You’ve actually hit on one of the main points why I feel he was a decent leader – that nothing significant happened: things that could have been huge were averted, quieted, made less dramatic, etc.

    I won’t excuse Chrétien for his desperate clinging to power, nor will I excuse his flaunting of his power. He seems dictatorial in some ways, he’s certainly giving special favours to some – but in minor ways. I’ve never felt that Chrétien was beholden to special interest groups. One could argue that part of the problem was that he was beholden to no one. There was no opposition that could have wrested power, he had a majority, the party was (mostly) united. Given the scenario, we came out alright, no?

    The lawyer comment? My dad, who’s an MD, is a specialist now at the end of his career. Certainly, he’s done all sorts of medical training. He has expertise his very particular parts of medicine. However, he is hopeless when it comes to medicine outside his area of speciality. He know more than I do certainly, but no where near enough that I would consider him an expert. If Chrétien only did a masters, and never practised (or hasn’t practised in many, many years), that comment seems pretty reasonable.

    (wow. I never, ever thought I’d be defending chrétien. But here I am. So maybe I’ll stop now and get on with our regular programming)

  4. I thought I might get a comment or two about this. Yes, I’ll stand by my comment. Why? Well, look about the political landscape in Canada – of the alternatives during his reign, he was probably the most competent. Yes, his record on rights to protest are pretty poor. But you know what, there’s a reason not much has happened in Canada for a while – steady leadership. We’ve maintained a fairly even keel on virtually every topic. While the Sovereignty issue is by no means settled, it’s been quieted. While Aboriginal relations are still poor, I don’t feel we’re on the edge of violence, like we were 10 years ago (in Ontario). While yes, our economic ties to the US are closer than ever, there are signs that our political ties are less – an important step I feel.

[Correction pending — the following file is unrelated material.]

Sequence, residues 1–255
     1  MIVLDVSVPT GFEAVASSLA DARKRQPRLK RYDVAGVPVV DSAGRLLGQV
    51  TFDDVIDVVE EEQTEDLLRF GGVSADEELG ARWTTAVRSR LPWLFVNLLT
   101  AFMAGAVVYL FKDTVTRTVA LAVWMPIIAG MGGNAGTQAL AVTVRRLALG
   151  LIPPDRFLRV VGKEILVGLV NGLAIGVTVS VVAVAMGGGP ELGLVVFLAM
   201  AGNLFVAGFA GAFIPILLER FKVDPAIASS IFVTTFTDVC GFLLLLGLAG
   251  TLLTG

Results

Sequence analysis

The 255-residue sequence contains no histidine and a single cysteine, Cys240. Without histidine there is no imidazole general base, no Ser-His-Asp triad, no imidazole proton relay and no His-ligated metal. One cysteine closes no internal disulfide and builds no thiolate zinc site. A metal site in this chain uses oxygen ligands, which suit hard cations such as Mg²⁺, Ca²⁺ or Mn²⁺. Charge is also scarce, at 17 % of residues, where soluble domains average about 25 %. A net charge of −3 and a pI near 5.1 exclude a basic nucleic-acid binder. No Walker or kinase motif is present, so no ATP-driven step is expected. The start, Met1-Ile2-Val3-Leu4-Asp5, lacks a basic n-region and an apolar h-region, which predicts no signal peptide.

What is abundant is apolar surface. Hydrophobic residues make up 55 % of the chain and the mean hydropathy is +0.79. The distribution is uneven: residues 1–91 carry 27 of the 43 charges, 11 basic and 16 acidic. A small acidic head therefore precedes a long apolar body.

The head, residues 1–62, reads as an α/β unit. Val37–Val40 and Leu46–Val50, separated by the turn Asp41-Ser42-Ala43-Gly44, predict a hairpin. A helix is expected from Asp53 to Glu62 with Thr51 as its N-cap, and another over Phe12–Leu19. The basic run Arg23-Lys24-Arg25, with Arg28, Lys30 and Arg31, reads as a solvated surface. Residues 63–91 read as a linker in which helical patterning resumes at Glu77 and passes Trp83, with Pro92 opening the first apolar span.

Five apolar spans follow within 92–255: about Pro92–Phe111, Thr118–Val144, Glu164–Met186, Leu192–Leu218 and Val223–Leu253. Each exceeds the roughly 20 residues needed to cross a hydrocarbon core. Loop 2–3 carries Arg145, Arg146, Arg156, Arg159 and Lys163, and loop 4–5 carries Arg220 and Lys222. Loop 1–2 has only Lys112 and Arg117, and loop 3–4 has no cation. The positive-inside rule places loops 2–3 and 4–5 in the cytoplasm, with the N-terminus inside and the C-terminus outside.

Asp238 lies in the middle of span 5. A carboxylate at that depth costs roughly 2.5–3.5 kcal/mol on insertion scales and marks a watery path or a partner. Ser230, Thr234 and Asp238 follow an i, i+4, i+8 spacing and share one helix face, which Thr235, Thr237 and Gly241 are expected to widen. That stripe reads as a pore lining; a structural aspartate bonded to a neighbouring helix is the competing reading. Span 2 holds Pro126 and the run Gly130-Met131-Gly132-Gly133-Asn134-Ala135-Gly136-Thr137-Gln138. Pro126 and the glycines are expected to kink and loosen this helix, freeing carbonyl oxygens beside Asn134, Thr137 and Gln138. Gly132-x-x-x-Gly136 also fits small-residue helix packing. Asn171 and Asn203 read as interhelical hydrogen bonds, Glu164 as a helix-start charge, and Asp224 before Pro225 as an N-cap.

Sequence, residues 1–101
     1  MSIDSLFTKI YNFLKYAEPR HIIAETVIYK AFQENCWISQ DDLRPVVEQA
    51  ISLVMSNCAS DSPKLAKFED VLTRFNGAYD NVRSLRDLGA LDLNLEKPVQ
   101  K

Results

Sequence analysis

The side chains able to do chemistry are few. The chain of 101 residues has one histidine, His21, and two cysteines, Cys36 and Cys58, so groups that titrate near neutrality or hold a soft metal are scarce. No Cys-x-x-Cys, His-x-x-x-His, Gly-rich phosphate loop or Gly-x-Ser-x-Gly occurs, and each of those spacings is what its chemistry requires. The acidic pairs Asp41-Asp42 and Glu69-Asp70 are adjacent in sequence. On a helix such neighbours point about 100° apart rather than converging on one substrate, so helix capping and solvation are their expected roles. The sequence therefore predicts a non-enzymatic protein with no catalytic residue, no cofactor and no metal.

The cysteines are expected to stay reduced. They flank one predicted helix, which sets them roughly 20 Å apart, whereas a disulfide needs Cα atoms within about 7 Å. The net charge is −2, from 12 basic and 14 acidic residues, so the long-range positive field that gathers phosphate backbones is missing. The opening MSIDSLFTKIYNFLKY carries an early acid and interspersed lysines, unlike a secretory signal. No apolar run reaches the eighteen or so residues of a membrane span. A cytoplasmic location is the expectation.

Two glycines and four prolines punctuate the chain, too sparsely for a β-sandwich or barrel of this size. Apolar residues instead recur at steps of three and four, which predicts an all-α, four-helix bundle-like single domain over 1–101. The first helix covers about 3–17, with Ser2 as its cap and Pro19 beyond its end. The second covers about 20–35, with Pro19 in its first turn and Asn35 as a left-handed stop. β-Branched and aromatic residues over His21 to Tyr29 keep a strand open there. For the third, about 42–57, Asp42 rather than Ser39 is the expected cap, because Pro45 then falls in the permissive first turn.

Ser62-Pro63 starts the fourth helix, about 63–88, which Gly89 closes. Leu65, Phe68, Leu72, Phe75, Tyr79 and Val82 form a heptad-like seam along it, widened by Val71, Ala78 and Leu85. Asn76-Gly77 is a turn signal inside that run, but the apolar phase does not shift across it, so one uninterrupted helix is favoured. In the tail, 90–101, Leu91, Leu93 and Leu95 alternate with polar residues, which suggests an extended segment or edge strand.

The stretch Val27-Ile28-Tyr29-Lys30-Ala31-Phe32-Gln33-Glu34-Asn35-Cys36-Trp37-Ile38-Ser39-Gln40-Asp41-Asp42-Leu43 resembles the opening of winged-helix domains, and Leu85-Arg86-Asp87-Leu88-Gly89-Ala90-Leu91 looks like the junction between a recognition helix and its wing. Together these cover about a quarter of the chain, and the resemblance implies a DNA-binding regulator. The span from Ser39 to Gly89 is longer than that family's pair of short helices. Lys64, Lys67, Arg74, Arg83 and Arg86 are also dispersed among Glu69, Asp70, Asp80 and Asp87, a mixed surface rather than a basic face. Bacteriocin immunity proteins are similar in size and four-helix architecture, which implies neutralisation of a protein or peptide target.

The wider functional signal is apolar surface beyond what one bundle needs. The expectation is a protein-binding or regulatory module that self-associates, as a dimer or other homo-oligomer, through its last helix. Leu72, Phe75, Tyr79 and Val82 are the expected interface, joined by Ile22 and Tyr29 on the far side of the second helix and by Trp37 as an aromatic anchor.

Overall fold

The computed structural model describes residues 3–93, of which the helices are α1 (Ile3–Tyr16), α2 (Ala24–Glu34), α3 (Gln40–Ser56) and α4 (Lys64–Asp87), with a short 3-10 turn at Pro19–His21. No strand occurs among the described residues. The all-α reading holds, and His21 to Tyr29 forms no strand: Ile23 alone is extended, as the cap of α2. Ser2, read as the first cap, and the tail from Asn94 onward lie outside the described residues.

You’ve actually hit on one of the main points why I feel he was a decent leader – that nothing significant happened: things that could have been huge were averted, quieted, made less dramatic, etc.

    I won’t excuse Chrétien for his desperate clinging to power, nor will I excuse his flaunting of his power. He seems dictatorial in some ways, he’s certainly giving special favours to some – but in minor ways. I’ve never felt that Chrétien was beholden to special interest groups. One could argue that part of the problem was that he was beholden to no one. There was no opposition that could have wrested power, he had a majority, the party was (mostly) united. Given the scenario, we came out alright, no?

    The lawyer comment? My dad, who’s an MD, is a specialist now at the end of his career. Certainly, he’s done all sorts of medical training. He has expertise his very particular parts of medicine. However, he is hopeless when it comes to medicine outside his area of speciality. He know more than I do certainly, but no where near enough that I would consider him an expert. If Chrétien only did a masters, and never practised (or hasn’t practised in many, many years), that comment seems pretty reasonable.

    (wow. I never, ever thought I’d be defending chrétien. But here I am. So maybe I’ll stop now and get on with our regular programming)